Good ground cover is vital to reduce surface run-off during periods of heavy rain and the difference it can make to the surrounding paths and roads should not be underestimated.Similarly, positioning tracks and gateways in sensible locations will also have a huge impact during wet weather – take time to think about this before moving on to a site.
When land is taken on early, this obviously comes with a cost, so examine your options. “To help with the additional rent, period partnerships with other enterprises to cover seed and establishment costs have taken off, such as for grazing or forage cropping. In some cases, ‘greening payments’ can also be received from integrators,” Mr Palmer added.
Where access to new sites is limited, one option is to use a rye/vetch mix. This is quick-growing and forms a short-term green cover crop, which will help to stabilise soil and, if left for long enough, will produce some wildlife-friendly pollen and nectar.
Another outdoor producer told Mr Palmer that his year runs from September to September, with grass drilling performed straight after harvest. His pigs occupy a rented area of land for a two-year period before moving to a new site.
The producer said: “To be able to move the pigs on to an established grass ley, a separate equivalent area of land needs to be sown around a year in advance.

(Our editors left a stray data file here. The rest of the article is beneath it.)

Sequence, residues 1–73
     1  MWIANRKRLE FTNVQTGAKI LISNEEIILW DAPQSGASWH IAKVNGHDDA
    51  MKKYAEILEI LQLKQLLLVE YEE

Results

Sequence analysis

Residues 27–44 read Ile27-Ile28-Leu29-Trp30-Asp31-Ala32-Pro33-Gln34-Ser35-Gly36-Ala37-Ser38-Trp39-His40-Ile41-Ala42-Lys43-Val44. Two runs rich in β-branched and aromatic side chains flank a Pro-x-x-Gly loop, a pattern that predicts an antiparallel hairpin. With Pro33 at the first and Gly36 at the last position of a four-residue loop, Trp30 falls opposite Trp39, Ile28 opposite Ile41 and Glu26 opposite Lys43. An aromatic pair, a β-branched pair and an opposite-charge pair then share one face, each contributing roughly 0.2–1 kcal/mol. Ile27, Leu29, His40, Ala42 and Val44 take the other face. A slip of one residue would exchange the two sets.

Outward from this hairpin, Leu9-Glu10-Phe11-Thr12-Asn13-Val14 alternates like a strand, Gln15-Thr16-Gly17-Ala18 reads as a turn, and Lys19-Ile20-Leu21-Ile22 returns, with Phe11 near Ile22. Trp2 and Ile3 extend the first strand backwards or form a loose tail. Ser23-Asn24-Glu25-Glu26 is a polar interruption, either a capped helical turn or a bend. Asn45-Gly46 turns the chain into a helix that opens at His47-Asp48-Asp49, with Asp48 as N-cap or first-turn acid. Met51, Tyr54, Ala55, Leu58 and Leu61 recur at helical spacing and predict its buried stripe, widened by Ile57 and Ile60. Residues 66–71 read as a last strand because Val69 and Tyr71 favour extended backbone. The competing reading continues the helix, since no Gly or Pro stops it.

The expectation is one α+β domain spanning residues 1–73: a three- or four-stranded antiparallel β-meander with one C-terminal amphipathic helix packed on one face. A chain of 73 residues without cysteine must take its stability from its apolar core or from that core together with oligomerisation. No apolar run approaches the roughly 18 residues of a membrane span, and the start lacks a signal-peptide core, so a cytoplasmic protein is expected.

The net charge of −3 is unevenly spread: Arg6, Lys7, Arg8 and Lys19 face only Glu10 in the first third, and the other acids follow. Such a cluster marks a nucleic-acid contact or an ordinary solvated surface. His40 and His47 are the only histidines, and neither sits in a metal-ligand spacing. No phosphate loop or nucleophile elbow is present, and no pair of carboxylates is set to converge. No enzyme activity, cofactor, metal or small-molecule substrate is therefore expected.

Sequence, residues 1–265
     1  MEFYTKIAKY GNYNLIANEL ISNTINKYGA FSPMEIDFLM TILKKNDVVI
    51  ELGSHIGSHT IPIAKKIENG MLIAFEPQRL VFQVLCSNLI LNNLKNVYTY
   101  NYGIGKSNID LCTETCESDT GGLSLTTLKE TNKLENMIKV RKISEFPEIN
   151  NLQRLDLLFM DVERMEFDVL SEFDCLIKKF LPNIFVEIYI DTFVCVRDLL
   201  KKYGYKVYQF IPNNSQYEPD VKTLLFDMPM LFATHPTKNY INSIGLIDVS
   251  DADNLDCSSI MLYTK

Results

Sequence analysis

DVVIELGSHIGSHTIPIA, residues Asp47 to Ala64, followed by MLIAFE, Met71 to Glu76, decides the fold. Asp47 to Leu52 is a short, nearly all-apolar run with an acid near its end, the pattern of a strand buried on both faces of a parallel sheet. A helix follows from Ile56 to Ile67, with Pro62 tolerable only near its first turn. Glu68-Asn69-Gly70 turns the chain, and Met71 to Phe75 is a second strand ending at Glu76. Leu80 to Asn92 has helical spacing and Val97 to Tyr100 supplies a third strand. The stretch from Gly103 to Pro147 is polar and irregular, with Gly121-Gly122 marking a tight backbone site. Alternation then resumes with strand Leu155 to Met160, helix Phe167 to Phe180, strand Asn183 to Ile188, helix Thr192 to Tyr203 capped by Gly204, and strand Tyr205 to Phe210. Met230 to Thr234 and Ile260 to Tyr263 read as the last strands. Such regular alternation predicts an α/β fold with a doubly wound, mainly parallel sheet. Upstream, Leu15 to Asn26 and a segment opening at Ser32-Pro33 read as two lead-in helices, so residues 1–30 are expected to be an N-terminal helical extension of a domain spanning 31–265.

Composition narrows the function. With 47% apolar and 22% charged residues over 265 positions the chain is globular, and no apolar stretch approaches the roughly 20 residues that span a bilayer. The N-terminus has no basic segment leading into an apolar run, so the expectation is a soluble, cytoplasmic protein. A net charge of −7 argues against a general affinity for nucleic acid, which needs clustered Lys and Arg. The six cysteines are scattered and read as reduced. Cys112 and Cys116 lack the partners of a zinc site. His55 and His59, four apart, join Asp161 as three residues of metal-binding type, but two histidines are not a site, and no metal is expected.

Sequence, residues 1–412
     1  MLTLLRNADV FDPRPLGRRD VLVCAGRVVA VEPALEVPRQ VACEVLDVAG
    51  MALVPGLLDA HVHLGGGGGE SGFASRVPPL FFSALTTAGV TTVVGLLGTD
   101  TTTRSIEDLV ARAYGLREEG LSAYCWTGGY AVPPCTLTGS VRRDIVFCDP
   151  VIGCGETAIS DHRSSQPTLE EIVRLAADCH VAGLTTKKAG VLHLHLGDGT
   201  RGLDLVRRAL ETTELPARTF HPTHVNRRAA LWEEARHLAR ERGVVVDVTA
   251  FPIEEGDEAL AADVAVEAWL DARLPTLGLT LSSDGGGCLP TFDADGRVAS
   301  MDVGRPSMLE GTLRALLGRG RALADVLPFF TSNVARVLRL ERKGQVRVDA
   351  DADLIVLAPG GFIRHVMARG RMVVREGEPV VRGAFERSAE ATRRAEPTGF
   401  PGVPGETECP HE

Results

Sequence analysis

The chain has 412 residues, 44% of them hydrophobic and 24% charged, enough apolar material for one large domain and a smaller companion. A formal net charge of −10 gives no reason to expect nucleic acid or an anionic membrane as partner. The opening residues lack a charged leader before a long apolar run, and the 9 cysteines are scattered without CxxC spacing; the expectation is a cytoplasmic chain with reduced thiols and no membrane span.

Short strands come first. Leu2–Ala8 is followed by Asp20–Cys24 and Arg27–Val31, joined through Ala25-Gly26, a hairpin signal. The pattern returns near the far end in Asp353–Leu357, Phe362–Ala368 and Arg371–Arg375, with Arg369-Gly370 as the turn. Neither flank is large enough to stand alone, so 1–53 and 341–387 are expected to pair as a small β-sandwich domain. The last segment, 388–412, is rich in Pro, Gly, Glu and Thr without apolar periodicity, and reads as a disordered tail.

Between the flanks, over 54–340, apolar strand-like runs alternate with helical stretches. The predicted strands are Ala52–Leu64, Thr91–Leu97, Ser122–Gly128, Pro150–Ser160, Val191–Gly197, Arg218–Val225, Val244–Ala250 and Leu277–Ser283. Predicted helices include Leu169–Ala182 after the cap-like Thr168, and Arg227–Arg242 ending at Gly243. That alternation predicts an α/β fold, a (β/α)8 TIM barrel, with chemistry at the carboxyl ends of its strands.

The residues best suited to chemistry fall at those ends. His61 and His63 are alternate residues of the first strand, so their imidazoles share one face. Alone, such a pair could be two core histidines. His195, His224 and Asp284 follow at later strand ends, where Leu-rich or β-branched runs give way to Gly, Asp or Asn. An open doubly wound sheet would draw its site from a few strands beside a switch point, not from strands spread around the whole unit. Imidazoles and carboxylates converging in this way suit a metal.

“So during year one, I pay rent only on the land occupied by the pigs and in year two, I pay rent on both the occupied land and the area sown with grass.”
At this point, it appears the producer is out of pocket, paying for land that his pigs aren’t actually on. However, it is possible to make some money from the additional rented land by taking ownership of the grass crop.
The producer said: “I have an agreement with a local cattle farmer and the crop is sold forward to him. He has input into the grass mix I sow and is responsible for the harvest. I buy the seed, drill, spray and fertilise. Payments are made on a bale-count basis and I generally hope to get two good cuts before I move the pigs onto the land.”
If the second cut can take place around June, it means pigs can get onto the site before the weather turns, making it easier to establish the site and tracks. This, in turn, should minimise machinery repairs and can help with staff retention – an established grassy site is much more pleasant to work on than a muddy one. While probably not a big earner, this system will bring benefits to all parties, the environment and wildlife.
At a recent meeting in Newbury, hosted by AHDB, producers and landowners heard from Fiona Pearce (Southern Water), Andrew Russell (CSF), Richard Barnes (Kings Crops) and producer Simon Watchorn. They all agreed that there are both short-term and long-term benefits of including livestock and grass in arable rotations, but also stressed a need for honesty.
Mr Russell said: “There can be issues, and mitigation measures may be needed to manage the land in wet weather.”
Producers were advised not to hide the fact that land isn’t going to look fantastic all year round, but to highlight how you manage this, from digging dry ditches and sediment traps, to using feed mats and ploughing furrows at the bottom of slopes to slow run-off and prevent it running onto tracks and roads.
The speakers also all recommended getting in touch with local representatives from water boards, CSF and the Environment Agency to find out whether there are any funding opportunities related, for example, to water management or wildlife.